Bums, sticking things up them, and the pleasure subsequently derived from such an activity was gay. Consequently, it was also dirty and immoral. Any interaction, therefore, between arsehole and finger beyond what was absolutely necessary that could inadvertently lead to confusing feelings of pleasure must be avoided or at least never spoken about lest everyone think that youre gay.

This is, very simply, how guilt and shame are propagated, how you can alienate people from their own bodies, and how everybody ends up miserable. From the gay boys who are bullied even before they know theyre gay through to the straight boys who like anal play but are terrified that they might be gay, to the bullies themselves who are unnaturally obsessed with what other people might be doing with their own bodies.

Of course, those of us who grew up to be gay worked out that such pleasure wasnt dirty or immoral even if at the time I recall being aghast that up the bum was the norm for my people. We blessed homosexuals further worked out that we could rid ourselves of the shame so assiduously shoved our way because it wasnt ours to begin with. It was theirs.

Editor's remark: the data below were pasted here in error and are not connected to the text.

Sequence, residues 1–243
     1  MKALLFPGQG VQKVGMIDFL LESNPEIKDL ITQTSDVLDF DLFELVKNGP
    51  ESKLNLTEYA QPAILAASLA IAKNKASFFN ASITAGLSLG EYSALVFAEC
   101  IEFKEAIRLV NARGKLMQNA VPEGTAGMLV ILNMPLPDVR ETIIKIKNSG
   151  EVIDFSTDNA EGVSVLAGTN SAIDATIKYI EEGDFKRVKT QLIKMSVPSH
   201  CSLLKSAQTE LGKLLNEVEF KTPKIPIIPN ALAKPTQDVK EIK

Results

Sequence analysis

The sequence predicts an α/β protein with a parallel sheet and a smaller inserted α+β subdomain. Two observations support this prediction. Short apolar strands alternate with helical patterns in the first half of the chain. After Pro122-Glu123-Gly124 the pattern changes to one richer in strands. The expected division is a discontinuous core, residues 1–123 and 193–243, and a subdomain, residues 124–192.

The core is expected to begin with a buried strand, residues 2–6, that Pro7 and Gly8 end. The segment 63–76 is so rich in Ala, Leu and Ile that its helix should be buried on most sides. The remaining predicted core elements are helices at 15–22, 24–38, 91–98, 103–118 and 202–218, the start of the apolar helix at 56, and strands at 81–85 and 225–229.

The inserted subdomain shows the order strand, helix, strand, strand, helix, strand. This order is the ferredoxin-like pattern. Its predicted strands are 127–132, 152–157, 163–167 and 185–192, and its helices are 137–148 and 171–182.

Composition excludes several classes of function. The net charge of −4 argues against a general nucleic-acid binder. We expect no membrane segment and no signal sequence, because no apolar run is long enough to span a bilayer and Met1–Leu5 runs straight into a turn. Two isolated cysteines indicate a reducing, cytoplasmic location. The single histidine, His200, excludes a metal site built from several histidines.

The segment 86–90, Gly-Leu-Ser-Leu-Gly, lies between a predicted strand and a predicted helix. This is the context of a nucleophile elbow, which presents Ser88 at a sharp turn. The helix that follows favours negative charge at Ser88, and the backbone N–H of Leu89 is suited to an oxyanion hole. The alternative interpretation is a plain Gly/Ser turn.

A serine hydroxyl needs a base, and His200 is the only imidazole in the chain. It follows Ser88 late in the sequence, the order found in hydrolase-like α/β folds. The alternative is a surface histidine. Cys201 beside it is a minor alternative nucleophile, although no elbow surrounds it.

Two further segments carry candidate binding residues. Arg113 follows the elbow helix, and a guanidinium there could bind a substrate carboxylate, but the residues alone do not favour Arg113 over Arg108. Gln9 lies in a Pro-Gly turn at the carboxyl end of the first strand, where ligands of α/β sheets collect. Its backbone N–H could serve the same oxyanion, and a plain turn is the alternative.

For there are certain straight people who are more obsessed with gay sex than gay people are. This is particularly true when it comes to anal sex. While certain religiously conservative people would have you believe that homosexuals are rampantly sodomising each other at every available opportunity, believe me, we are not. The proportion of my time I spend engaging in anal sex is less time than I spend doing the washing-up every week. Can you imagine? Id have to get a dishwasher.

The point is that gay men can be comfortable that their arse is a significant erogenous zone. Straight men have, until very recently, been unable to admit that they might heaven forfend, Muriel! enjoy a bit of anal play. Because, you know, it can feel nice. Its worth pointing out that straight men are victims of a simplistic approach to sexuality too, the view that sexuality is binary and not what it actually is a spectrum. You need only look at the distrust and scepticism with which both straight people and gay people view male bisexuality especially to see how ingrained that erroneous belief in the binary is. Lets call this the Bi Now, Gay Later Hypothesis.